Overtime pay has more myths and falsehoods concerning it than the entirety of Greek mythology. A more confusing topic that should be so simple does not exist. Overtime, on its face, looks very simple because it really is. It has become complicated because of the various rules concerning its application and use.
The first problem with overtime is the simple calculation of what the correct overtime rate is. The FLSA, or Fair Labor Standards Act, can be violated in this way very easily. To most, it is simple to calculate 1.5 times the base rate of pay. Some apparently find this very difficult or simply forget that an employee that works overtime is entitled to time and a half. Because of these mental lapses, the employer might pay straight time, which is wrong.
Another problem is that an employer may not realize exactly how many hours a person really works. If work hours are determined by the number of hours that a person is in an office, then many important hours are being left out. The FLSA is violated when an employer fails to pay for the full time worked. Common forgotten hours include time spent cleaning equipment, donning a uniform or the appropriate safety items for a shift, breaks, travel time in some cases, working late without being asked, and work done from home.
Another issue in overtime rules occurs concerning the classification of an employee. In some cases, an employee may be “reclassified” and is suddenly eligible for overtime. This is not inherently bad. If the “reclassification” occurs and the job hasn’t changed one iota, then the employee was probably eligible for overtime prior to the “reclassification.”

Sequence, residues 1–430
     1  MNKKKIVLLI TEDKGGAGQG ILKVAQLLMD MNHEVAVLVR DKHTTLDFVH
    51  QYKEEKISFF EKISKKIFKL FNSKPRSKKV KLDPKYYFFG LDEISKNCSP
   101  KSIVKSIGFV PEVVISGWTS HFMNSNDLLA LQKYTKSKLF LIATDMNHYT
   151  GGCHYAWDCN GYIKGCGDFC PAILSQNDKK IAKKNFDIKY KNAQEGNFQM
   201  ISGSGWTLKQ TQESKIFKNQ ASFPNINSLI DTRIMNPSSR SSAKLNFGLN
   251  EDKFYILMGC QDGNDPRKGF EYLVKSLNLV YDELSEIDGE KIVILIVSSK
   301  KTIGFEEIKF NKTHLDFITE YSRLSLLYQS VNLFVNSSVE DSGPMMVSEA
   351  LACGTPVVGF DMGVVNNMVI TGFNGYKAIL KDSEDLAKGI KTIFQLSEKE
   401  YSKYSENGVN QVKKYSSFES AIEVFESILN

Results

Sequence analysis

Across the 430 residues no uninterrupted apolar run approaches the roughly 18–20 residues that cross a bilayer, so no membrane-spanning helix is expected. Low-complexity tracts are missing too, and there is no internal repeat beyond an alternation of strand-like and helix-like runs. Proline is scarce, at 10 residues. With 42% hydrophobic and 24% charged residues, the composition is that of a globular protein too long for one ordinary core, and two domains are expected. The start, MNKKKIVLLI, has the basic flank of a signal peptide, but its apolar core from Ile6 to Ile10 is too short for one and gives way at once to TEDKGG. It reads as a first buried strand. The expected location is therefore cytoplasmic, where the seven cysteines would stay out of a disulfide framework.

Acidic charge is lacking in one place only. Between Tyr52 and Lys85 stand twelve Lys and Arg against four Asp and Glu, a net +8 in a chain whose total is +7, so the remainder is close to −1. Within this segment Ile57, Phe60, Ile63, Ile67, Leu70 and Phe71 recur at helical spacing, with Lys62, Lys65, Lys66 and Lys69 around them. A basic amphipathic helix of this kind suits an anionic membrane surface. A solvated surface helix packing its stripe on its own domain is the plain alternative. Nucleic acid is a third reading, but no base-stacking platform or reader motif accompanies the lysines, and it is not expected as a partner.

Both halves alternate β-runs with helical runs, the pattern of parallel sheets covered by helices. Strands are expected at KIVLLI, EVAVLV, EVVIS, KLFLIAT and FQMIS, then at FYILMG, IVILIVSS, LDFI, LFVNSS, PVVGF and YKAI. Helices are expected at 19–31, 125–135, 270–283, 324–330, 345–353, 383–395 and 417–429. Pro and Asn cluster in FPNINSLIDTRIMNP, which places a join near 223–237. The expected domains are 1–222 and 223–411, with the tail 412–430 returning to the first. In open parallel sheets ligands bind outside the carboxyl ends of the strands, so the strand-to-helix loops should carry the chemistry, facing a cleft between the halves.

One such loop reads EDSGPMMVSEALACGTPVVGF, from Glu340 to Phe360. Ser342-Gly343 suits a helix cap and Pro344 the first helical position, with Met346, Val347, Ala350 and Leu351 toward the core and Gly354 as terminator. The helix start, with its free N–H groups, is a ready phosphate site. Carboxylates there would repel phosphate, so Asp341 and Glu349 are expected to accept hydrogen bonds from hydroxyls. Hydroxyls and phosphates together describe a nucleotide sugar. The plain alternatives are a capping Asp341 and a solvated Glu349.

Furthermore, employers have been known to classify or count an employee as a contract worker or temporary worker or some other type of employee that does not employ that a person is a full employee. This is a problem because it may mean that someone classified as a “contract” worker is really a full employee that is eligible for overtime. The test for overtime is not whether a person is salaried but rather whether the actual duties qualify a person for an exemption.
Finally, comp time instead of overtime is a huge problem. For example, if a person works 60 hours one week, the employer may offer to let the person have 20 hours off the next week to make up for the “extra” hours. This doesn’t work because the 20 extra hours put in the first week are really more like 30 hours when it comes to a paycheck. Furthermore, being “given” time off for “extra” work the previous week isn’t a fair trade and doesn’t make up for the hours that were actually worked.